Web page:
From the earliest days of the Church, Christians commemorated the steps Jesus took on the way to his crucifixion. These steps, or stations, became known as the Via Dolorosa, and eventually, the “Way of the Cross.” In the fourth century (the age when Christians were finally free to practice their faith in the Roman Empire without legal persecution) the stations along the Way of the Cross began to draw pilgrims from throughout the world, especially during the celebration of Holy Week. A pilgrimage to the Holy Land gave Christians the opportunity to walk with Christ in his final hours: to meditate on the depth of his love, a love that was faithful to the end, and to tangibly unite their sufferings to his, in the hope of sharing in the joy of his Resurrection.
There were, however, many Christians who could not make the long and difficult trip to Jerusalem. Desiring to find a way to open this source of spiritual nourishment and grace to the whole Church, bishops began to construct chapels designed to model or include the Way of the Cross. During the Middle Ages, many churches began to be decorated with sculptures representing the Stations along the Way of the Cross. The Franciscans especially fostered the practice of praying the Stations of the Cross. From them we have inherited the traditional 14 stations prayed by so many throughout the world today.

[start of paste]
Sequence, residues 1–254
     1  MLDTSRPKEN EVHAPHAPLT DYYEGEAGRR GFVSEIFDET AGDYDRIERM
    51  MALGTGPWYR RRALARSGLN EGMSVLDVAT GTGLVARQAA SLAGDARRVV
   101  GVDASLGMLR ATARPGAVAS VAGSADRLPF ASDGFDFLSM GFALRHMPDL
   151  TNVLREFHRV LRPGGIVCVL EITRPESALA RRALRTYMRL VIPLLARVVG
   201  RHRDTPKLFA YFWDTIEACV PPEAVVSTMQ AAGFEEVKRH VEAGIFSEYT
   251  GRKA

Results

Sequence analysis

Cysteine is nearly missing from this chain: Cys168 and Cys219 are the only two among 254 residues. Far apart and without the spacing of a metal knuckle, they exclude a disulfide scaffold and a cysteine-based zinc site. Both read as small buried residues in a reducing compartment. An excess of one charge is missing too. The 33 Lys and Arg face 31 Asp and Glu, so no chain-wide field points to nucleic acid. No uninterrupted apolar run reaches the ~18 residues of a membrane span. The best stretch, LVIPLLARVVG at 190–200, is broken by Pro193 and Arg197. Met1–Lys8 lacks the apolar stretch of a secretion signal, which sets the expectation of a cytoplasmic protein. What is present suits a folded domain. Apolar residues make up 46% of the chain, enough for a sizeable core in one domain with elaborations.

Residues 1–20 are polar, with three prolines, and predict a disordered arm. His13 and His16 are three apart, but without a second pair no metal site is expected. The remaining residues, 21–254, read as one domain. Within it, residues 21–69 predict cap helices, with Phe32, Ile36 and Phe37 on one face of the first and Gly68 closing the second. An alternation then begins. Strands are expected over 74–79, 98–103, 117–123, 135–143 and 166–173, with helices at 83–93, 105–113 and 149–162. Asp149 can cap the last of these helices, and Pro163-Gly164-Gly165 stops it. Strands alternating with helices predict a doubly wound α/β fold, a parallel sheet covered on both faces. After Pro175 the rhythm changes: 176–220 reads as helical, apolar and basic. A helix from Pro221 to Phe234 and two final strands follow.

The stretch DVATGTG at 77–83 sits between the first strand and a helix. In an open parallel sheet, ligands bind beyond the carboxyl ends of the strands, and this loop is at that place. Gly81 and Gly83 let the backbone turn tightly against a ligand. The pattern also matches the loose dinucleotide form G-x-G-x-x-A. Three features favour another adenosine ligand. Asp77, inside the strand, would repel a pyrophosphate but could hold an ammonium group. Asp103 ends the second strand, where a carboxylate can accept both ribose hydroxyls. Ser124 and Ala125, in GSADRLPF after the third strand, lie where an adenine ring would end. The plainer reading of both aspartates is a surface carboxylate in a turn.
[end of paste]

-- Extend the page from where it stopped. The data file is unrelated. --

As we walk and pray the Way of the Cross here in Brewer and Bangor, Maine, we continue in the tradition of this ancient Christian pilgrimage with Christ. We mark the Stations of his Cross along the streets of our community, demonstrating by our steps that the Way of the Cross did not end at Calvary 2000 years ago, but that Christ continues to carry his cross among us in a pilgrimage that unites every time and place. Our prayerful procession encourages us, as it has encouraged Christians for centuries, to walk with Christ along the way of sacrificial love, a way that does not end in the cross, but in the promise of eternal life.